Art & Ag in Yolo County

Subi Blue, my 2017 Subaru Outback, headed to Woodland on Thursday to a working farm for a morning of photography with friends. Headed out early to hopefully get better light and beat the summer heat.

Camera gear stowed, directions printed, and Jeanne and Laura safely fastened we headed to Fong Farm. Upon arrival Nancy greeted us with a map of this farm. I was told that the Farm gave us unlimited access, but be sure to park on the side of the road. The barn and metal shop provided many photo opportunities.

Time stops for no one!
Shapes and textures abound.
Parts from days gone by
Bolts of some kind
All eyes are on you!

Driving down dusty roads past a tomato field my Subi Blue gathered a fine coating of silty dust.

Barn surrounded by field of tomatoes 🍅.

At some Art & Ag events some information is shared about the workings of the farm. Here our map was our only guide. I wondered how these tomato field was harvested.

Three dogs greeted my car as we rounded the bend. I will give the a treat, and a “Good dogs” for doing the job of watch dog. Came right up I front of the car and tried very hard from discouraging me from driving down the dusty road. Sorry no phot opportunity here. No dogs were hurt, and eventually they trotted home.

Next we passed a field of yellow and orange thistles. Being a city girl I couldn’t imagine why a farmer would plant so many thistles. They are interesting flowers to photograph, but a bouquet of thistles?

Then we checked the map, and discovered we were looking at a field of safflowers. Ok, armed with no knowledge, I am guessing safflower oil?

Safflower field as far as the eye can see

Plein Air artists also enjoy the Yolo County Art & Ag events.

Painting a willow tree along the canal
My artist perspective. Safflower field in the background. Sutter Buttes in the distance.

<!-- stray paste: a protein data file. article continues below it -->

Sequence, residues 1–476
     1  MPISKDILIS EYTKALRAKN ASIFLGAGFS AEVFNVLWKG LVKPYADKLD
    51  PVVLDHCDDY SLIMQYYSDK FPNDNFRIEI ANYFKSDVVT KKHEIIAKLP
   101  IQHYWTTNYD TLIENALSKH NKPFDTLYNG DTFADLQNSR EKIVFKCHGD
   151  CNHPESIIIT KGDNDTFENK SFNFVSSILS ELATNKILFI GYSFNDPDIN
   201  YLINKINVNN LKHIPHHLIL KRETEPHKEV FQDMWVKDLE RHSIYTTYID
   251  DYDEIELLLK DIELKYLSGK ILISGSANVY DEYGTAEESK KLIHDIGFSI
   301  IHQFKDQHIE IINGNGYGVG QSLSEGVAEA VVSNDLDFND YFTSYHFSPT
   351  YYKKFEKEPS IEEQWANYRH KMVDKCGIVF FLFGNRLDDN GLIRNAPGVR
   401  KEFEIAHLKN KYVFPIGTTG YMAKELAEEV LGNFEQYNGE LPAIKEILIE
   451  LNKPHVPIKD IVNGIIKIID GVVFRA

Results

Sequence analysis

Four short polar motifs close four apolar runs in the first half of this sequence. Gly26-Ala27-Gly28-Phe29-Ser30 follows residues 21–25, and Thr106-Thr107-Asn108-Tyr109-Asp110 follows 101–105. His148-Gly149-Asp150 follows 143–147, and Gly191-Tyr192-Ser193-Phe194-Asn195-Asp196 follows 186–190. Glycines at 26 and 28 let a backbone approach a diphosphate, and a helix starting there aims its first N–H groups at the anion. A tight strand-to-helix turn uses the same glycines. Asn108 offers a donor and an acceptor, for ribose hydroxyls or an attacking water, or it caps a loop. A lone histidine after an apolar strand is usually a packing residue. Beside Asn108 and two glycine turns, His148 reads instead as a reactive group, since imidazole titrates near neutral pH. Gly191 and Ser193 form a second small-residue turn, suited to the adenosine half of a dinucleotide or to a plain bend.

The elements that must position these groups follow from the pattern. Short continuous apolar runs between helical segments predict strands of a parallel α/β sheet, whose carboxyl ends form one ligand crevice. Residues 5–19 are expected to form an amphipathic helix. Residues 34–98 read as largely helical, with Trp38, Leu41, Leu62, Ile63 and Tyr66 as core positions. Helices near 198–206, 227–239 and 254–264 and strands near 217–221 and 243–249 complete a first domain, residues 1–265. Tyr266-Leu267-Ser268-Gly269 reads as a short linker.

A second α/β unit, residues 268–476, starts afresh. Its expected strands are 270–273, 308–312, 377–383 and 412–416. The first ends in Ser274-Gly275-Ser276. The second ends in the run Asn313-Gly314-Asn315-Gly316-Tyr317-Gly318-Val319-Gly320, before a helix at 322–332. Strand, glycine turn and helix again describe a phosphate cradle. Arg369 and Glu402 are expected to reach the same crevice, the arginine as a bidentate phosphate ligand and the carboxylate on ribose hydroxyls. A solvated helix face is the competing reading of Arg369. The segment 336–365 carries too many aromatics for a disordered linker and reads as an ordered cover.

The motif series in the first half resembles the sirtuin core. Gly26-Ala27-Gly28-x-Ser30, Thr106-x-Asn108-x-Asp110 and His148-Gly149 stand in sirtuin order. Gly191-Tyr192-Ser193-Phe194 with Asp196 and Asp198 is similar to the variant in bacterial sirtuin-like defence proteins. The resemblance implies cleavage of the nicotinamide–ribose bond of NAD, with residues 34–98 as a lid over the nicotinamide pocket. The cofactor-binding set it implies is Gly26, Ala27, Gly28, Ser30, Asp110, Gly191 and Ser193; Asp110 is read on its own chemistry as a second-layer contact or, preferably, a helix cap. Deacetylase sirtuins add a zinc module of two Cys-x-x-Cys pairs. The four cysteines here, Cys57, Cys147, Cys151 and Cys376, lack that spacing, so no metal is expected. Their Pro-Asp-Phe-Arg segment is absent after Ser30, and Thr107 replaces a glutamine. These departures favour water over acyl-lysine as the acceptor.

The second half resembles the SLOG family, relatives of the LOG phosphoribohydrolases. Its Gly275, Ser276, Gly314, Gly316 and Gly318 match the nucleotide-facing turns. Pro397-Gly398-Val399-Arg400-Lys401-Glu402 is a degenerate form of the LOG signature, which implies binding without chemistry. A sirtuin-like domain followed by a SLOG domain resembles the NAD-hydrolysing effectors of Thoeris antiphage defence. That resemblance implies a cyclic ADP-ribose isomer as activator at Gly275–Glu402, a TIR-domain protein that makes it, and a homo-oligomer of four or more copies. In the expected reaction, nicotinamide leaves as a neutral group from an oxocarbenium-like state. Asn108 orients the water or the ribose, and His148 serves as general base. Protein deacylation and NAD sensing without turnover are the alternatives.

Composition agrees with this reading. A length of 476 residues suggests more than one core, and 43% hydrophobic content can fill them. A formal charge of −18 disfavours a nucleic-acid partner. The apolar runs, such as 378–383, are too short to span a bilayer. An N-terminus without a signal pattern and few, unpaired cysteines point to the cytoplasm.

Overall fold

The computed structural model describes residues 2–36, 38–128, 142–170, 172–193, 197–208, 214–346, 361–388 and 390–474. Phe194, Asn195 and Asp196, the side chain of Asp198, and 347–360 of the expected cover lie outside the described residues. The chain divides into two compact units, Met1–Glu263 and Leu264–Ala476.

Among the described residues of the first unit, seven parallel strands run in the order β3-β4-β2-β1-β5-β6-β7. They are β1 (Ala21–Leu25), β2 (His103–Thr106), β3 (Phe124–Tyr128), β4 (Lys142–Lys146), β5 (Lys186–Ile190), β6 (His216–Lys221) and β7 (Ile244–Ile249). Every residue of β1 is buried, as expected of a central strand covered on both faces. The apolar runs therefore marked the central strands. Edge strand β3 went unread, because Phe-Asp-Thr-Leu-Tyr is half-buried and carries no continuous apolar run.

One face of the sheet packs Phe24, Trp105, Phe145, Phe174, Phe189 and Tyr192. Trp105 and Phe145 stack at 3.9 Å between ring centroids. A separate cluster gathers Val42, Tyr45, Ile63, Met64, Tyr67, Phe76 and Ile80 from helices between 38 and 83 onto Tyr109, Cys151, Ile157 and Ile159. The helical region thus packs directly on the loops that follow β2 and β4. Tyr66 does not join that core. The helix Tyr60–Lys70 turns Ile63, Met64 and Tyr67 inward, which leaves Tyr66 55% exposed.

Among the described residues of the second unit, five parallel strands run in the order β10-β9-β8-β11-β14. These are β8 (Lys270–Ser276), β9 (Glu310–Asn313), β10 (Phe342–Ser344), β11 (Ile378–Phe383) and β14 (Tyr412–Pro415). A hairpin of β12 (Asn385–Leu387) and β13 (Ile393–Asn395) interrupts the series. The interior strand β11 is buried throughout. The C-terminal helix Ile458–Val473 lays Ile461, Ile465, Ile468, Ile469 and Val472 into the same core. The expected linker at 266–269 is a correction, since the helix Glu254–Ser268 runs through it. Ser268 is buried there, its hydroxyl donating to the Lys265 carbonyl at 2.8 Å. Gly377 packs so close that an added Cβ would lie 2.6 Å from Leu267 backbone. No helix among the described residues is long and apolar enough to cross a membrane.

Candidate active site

That ended the tour of the Fong Farm. We went in search for a field of Sunflowers. I had already visited a field earlier in the month, but now I had my new Fujifilm xf 80 macro lens with me.

My best bee capture
One resilient sunflower standing up to time
Shadows captured in the backlit flower
Not ready for prime time
My best side please
Take time to see another point of view
Think about the BEES! Where would we be?
Bowing down. Countdown till the sunflower season ends.

Denny’s for lunch and then home.

One last stop for my Subi Brown. Bob’s Car Wash. Needed to get a full wash including undercarriage. After such a day I am glad that I put off going to the farm with a clean car. Wow!

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Point Reyes National Seashore: Ocean Calling, but first explore the area’s history.

My friends know that I am drawn to the ocean. So we head to Point Reyes on a Saturday morning.

First stop is the Bear Valley Visitor Center where we meet with other photographers from Exploring Photography Meet Up. Laura picks up a hat, and I purchase a tee shirt celebrating the National Parks 100 year anniversary. 100% cotton, and made in the U.S.A.